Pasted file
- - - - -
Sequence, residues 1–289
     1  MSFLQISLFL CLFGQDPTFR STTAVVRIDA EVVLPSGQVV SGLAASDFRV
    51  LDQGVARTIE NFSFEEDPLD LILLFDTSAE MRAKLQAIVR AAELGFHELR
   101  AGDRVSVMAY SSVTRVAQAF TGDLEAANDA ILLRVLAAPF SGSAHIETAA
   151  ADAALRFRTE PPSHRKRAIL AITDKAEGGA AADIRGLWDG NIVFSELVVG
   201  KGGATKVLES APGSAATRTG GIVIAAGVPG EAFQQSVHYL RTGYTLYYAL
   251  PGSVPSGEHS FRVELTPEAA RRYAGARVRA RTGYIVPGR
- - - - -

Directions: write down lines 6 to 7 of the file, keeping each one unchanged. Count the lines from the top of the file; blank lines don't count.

   201  KGGATKVLES APGSAATRTG GIVIAAGVPG EAFQQSVHYL RTGYTLYYAL
   251  PGSVPSGEHS FRVELTPEAA RRYAGARVRA RTGYIVPGR